Thus, the deadlock created by the degeneration of orthodox-Non-cooperation, was broken by the demand of the radical intellectuals for some political action. The radicals proved to be more advanced than the petty bourgeois Non-cooperators, in that they condemned the metaphysical degeneration of the national movement, and demanded political activities. But they would not take up the leadership of the movement where it had been deserted by the Gandhites. They wanted action; but they would not countenance revolutionary mass action any more than their political opponents. Therefore the only path they could lead the movement into was reversion to the old methods of Constitutional agitation. They repudiated the petty bourgeois tactics of outlawing the “satanic” government and of retiring in holy indignation into the shell of spiritual isolation. They contended that the government was there. It did not cease to exist simply because the Non-cooperators in impotent rage chose to leave it alone. The Reformed Councils did not fail to assume parliamentary grandeur and serve the purpose of an apology for Imperialism, because they were boycotted by the middle classes. Left entirely at the mercy of the upper classes, the pseudo-parliaments were packed with exactly the kind of elements the government desired to have there. Basing themselves on these arguments, whose correctness could not be challenged by the ethical concepts of the pure-Gandhites, the radical intellectuals pretended to rally all the elements of opposition in the National Congress with their cry for a “change” in the program.

The radicalism of the bourgeois intellectuals went so far as to demand a change; but no farther. A change could lead to the right, or to the left. The decomposition of the Centrist Non-cooperators prepared the ground for a move this way or that. In the absence of a strong and well organized left wing basing itself upon the striking proletariat in the cities and the rebellious peasantry in the country, the radicals led the movement towards the right The revolt against the deadening inactivity imposed by the authority of ethical dogmas was so great, that any prospect of a change in the program was hailed by all the vital elements inside the National Congress. The split that followed gave birth to a new party inspired with progressive radicalism and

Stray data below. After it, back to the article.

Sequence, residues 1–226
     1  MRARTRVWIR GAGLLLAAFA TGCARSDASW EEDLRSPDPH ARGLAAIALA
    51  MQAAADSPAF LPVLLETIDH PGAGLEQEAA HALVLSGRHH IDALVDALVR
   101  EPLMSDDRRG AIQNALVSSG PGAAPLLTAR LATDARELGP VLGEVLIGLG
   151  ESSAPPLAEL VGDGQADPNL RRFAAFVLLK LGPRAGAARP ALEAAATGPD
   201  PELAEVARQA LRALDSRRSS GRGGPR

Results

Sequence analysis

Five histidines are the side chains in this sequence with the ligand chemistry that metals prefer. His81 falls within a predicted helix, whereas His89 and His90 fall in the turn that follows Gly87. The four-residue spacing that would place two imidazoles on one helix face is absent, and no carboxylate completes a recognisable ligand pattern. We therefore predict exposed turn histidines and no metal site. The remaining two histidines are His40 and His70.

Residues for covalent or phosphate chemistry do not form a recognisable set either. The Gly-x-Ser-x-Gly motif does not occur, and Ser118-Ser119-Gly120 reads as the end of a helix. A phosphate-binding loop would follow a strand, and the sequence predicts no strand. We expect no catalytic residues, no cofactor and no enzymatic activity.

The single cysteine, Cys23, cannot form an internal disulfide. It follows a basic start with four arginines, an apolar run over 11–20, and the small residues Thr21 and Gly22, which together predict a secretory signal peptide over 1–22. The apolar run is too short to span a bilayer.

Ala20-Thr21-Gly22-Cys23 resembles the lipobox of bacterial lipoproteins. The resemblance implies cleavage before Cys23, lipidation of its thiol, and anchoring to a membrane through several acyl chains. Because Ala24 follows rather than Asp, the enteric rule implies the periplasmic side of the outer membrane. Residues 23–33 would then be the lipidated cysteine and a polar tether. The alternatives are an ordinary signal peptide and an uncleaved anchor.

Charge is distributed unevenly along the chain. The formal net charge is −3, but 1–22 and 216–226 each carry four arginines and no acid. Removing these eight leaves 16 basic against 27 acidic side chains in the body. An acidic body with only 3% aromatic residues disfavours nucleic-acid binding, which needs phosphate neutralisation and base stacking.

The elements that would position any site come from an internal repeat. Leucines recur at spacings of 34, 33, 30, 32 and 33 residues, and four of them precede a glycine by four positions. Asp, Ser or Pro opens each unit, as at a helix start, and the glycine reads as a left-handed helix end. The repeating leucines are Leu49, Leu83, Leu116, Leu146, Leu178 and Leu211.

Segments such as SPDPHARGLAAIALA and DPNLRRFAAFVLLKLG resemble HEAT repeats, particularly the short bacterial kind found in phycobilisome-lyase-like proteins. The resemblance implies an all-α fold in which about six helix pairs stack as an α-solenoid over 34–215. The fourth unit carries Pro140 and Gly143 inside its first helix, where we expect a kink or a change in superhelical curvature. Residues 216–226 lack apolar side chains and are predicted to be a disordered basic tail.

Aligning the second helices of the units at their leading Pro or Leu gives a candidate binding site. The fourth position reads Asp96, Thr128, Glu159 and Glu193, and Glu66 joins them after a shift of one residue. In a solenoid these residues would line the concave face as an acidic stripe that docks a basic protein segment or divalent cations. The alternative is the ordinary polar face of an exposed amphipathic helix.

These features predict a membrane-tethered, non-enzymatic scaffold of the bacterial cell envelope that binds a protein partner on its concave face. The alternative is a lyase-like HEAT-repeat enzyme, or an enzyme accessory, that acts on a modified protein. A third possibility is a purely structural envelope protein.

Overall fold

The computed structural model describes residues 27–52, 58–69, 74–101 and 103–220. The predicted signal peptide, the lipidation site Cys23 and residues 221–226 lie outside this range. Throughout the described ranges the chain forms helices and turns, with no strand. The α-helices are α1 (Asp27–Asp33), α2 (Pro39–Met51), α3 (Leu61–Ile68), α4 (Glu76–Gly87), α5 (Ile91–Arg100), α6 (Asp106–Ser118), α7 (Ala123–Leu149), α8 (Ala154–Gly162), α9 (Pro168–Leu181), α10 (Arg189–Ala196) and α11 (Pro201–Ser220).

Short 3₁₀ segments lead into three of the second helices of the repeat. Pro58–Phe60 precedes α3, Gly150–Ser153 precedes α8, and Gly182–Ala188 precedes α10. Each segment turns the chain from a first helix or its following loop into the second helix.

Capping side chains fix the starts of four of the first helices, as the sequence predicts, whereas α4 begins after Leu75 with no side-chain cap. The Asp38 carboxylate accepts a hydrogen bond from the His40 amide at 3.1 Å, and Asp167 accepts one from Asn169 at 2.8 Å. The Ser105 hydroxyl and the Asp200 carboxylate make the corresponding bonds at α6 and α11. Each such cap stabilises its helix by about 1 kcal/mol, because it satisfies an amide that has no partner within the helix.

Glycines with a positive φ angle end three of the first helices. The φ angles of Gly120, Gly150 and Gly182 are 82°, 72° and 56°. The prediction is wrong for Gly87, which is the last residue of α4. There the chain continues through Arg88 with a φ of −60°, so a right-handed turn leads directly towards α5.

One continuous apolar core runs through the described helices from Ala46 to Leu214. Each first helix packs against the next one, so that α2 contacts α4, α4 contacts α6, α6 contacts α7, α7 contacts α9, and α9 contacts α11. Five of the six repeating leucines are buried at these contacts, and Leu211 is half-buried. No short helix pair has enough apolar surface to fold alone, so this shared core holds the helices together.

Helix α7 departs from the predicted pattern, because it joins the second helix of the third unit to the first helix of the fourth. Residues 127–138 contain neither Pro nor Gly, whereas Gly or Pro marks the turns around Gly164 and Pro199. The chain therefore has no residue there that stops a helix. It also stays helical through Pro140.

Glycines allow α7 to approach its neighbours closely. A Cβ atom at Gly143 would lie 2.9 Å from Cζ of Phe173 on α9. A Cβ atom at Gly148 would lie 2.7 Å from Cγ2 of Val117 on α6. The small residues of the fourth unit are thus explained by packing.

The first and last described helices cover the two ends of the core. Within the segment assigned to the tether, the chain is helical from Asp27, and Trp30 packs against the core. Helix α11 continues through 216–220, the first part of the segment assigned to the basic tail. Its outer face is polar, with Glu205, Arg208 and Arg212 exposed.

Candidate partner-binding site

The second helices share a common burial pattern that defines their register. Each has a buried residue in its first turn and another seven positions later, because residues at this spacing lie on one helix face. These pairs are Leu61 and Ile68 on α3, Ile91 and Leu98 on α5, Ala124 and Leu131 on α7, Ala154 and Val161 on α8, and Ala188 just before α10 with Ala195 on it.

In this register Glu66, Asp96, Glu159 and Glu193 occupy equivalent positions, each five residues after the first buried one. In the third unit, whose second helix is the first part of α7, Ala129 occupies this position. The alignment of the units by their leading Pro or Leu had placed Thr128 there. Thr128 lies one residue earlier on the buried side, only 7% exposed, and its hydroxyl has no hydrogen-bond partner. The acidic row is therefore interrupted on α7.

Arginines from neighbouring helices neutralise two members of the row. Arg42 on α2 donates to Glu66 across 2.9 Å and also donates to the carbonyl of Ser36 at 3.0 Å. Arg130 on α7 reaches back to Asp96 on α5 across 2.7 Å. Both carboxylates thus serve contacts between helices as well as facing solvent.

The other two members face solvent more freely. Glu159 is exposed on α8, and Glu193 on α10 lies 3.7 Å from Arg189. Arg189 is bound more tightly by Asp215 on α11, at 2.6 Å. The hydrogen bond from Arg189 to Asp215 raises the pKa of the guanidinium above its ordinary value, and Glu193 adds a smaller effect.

promising to be the powerful organ of bourgeois Nationalism. In view of the fact that the Indian movement has not yet passed through this stage, the birth of the new party, which is called the Swaraj (Selfgovernment) Party, has a revolutionary significance. It makes for the clarification of the social forces militating in the ranks of the national struggle. By a chance coincidence, the petty bourgeoisie was invested with the leadership of the movement during an acute revolutionary epoch. The retarded growth of the bourgeoisie is responsible for this anomalous combination. But in proportion as the economic power of the bourgeoisie grows, its political demands cease to be characterized by the old tactics of “praying and petitioning”. On the other hand, through the agency of the radical intelligentzia, the ambitious capitalist class seeks to wrest the leadership of the nationalist movement from the faltering hands of the petty bourgeois revivalists. Thus the birth of the new party signifies the growth of a new orientation in the Indian movement. This new orientation may appear to be weakening the movement for the time being, in so far as it causes a swing to the right; but ultimately it will make for the strengthening of the movement, because a conscious bourgeoisie constitutes an immensely more powerful foe of Imperialism than the degenerated petty bourgeoisie. Moreover, the assumption by the nationalist movement of a dearly bourgeois character will enable the working class to play an independent part in the struggle.

Last updated on 16 October 2021